The Brussels prosecutor’s office said the court had decided not to enforce a European arrest warrant for former Catalan culture minister Lluis Puig on the grounds that “the Spanish authorities who issued the warrant are not competent to do so.”
Puig has been living in exile in Belgium since he, former Catalan President Carles Puigdemont, and a number of their associates fled to Belgium in October 2017, fearing arrest over their alleged roles in the secessionist push and the holding of an independence referendum that the Spanish government had banned.
The vote sparked a police crackdown and led to one of Spain’s biggest political crises in decades as mass protests roiled the relatively wealthy northeast region of 7.5 million people. Polls and recent elections show that Catalans are roughly equally split by the secession question. Spaniards as a whole are strongly against it.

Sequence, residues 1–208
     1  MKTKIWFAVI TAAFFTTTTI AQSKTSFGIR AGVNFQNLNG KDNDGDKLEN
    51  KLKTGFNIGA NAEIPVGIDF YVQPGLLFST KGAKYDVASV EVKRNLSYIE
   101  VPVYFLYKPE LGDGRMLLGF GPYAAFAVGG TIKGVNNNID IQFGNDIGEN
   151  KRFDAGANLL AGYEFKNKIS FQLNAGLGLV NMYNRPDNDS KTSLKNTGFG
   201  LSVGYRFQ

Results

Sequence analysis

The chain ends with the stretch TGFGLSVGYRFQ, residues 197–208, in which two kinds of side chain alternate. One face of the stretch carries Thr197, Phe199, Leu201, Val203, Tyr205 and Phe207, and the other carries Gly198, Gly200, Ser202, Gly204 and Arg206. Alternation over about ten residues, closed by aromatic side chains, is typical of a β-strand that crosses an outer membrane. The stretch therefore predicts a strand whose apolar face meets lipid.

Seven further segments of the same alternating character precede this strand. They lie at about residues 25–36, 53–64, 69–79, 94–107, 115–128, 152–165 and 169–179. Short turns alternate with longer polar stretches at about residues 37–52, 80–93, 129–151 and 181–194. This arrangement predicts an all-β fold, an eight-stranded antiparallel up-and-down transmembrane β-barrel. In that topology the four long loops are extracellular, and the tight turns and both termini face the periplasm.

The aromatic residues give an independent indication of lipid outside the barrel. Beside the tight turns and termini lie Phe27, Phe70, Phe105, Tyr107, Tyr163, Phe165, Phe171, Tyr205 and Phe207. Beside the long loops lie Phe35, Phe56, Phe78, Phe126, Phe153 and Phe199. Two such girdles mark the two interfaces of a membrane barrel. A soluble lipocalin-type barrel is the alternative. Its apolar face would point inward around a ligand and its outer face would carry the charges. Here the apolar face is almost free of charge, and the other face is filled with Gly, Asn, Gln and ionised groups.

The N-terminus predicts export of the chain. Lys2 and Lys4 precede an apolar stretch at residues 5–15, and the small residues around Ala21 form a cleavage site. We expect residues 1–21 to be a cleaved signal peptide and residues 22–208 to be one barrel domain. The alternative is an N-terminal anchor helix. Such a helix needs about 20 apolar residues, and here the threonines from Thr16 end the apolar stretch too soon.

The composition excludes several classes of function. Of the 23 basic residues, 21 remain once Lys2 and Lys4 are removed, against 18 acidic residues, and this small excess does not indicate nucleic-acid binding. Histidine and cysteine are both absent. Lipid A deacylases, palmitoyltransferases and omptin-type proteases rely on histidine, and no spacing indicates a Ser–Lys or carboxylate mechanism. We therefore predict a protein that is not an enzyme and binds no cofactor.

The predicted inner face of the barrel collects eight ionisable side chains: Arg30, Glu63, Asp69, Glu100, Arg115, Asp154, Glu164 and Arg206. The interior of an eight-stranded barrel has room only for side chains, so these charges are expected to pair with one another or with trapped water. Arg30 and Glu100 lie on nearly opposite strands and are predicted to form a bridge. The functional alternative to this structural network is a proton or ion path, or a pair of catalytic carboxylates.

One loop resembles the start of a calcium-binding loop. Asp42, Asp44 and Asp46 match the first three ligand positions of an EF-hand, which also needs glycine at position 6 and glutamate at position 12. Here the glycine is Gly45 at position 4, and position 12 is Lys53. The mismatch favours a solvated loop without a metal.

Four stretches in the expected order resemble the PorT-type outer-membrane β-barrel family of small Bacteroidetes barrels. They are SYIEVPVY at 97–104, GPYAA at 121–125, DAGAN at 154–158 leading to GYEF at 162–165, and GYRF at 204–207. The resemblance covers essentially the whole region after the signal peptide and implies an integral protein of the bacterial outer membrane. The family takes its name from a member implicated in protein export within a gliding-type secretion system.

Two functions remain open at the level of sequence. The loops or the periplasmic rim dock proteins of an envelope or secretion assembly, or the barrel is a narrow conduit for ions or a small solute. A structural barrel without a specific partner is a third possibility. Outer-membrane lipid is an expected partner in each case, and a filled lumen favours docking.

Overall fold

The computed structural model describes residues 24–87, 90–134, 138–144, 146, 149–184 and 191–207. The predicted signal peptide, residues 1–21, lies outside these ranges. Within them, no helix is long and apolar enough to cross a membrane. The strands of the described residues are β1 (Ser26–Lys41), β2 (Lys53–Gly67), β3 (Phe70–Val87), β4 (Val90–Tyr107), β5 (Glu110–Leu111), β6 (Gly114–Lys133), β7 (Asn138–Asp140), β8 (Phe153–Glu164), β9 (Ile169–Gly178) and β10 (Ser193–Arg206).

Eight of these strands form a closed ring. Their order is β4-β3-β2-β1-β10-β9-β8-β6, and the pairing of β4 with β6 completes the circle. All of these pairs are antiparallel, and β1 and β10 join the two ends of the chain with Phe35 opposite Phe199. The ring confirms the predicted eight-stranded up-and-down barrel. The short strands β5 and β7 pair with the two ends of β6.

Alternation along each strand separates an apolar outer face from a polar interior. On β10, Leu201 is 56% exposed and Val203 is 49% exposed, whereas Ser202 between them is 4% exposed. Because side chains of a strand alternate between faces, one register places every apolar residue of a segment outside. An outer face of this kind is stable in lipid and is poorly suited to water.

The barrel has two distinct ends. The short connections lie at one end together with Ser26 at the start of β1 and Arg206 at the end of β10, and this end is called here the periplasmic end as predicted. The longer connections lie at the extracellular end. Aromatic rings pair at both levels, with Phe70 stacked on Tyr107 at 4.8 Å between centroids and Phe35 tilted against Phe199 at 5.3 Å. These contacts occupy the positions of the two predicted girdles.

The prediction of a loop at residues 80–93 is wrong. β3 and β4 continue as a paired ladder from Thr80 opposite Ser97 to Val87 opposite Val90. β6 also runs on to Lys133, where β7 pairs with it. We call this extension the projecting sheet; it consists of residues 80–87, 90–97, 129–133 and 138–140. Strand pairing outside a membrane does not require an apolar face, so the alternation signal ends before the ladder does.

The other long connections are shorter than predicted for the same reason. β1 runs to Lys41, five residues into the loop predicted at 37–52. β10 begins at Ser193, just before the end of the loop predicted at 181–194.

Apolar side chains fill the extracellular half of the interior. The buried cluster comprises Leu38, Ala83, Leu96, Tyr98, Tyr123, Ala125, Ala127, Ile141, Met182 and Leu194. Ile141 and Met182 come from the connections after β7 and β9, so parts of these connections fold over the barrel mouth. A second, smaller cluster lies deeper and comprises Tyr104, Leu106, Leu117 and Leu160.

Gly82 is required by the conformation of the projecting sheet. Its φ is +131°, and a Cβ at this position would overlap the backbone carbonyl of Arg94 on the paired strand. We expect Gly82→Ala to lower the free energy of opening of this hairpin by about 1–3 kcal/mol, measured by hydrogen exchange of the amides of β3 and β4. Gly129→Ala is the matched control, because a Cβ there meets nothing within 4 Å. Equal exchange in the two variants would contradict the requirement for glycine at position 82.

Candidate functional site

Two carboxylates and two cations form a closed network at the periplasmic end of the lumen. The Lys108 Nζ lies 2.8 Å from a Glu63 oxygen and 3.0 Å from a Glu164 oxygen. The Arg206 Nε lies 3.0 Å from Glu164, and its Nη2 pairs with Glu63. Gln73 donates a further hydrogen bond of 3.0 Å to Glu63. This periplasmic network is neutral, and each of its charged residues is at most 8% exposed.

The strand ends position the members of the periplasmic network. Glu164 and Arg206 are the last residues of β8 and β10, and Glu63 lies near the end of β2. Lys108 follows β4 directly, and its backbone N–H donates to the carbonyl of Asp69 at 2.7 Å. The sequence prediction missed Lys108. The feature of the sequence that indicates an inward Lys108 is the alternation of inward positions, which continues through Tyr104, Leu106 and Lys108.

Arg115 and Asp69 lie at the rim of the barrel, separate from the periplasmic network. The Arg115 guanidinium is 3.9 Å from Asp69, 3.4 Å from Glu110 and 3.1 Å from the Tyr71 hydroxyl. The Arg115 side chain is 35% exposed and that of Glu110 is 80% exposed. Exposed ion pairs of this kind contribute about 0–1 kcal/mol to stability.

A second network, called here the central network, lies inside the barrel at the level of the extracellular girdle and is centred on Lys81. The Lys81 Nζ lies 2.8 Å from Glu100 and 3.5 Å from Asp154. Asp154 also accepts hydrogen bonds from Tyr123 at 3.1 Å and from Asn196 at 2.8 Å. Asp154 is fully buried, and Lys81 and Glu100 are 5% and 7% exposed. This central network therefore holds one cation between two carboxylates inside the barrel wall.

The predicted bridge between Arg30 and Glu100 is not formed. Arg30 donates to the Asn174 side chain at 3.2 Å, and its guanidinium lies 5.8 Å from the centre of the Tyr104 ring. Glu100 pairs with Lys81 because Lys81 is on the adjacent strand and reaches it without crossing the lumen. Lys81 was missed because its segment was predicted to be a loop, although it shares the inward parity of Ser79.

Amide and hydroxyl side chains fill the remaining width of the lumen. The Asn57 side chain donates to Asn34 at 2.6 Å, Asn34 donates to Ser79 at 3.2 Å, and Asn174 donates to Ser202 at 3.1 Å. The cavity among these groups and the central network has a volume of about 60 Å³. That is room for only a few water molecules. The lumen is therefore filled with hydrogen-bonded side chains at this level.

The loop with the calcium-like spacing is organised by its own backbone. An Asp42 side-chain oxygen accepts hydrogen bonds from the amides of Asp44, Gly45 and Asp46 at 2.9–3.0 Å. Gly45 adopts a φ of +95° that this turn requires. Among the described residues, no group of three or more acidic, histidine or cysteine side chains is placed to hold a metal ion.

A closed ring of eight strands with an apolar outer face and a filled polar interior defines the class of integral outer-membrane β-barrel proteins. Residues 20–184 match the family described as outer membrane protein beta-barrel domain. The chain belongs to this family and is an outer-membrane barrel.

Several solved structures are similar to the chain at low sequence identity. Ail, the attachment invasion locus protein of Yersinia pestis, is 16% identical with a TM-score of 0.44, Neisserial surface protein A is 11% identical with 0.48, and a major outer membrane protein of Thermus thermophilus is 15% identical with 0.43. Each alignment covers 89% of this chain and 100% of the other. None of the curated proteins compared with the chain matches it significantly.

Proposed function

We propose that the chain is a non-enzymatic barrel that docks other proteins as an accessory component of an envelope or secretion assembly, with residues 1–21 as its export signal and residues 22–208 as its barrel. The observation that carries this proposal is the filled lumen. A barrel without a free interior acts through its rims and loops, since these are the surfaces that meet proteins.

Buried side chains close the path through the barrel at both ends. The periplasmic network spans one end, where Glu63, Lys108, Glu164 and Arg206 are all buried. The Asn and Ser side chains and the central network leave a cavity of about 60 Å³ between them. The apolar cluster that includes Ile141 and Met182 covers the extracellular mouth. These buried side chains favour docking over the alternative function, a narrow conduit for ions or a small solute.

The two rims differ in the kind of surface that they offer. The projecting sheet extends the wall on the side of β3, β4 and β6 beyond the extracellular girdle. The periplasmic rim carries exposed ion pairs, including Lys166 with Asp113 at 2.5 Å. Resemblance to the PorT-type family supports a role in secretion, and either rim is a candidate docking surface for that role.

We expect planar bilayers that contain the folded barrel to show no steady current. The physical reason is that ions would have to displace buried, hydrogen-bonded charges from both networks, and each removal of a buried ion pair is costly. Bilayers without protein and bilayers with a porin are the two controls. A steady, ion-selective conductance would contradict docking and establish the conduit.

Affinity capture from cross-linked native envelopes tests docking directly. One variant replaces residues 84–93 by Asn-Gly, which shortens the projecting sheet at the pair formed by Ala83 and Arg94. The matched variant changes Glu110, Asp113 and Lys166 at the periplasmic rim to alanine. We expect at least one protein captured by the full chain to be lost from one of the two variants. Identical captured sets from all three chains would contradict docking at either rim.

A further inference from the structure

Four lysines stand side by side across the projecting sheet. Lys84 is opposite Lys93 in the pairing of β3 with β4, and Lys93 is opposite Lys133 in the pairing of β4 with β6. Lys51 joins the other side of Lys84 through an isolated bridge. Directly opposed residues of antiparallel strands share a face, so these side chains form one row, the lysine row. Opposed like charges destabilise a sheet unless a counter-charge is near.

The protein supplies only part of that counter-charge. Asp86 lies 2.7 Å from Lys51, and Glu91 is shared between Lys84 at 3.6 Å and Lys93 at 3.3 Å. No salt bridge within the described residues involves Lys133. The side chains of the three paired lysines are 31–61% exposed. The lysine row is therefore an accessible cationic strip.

Puig’s lawyers had argued that Spain’s Supreme Court does not have the jurisdiction to judge him and that only a Catalan court is competent to do so, and they said the Belgian court agreed with them.
Lawyer Paul Bekaert told reporters that the Spanish constitution only allows the country’s Supreme Court to issue this kind of arrest warrant when it concerns members of parliament. He underlined that Puig has never been a lawmaker.
The Belgian prosecutor’s office said later that it will appeal the Brussels court ruling.
It’s the third time that a European arrest warrant against exiled Catalan politicians has been rejected.
Bekaert accused Spanish authorities of abusing the European arrest warrant system for political purposes.
“Political problems must be resolved in a political way and not a juridical way. Political adversaries must be fought in parliaments and the press, in public forums, and not in the justice palace,” he said. “We must not export our political problems in Spain to other countries of Europe.”
An outstanding case involves Puigdemont and former Catalan health minister Toni Comin. They have both been elected to the European Parliament and so have some protection from prosecution, but the assembly is weighing whether to lift their immunity.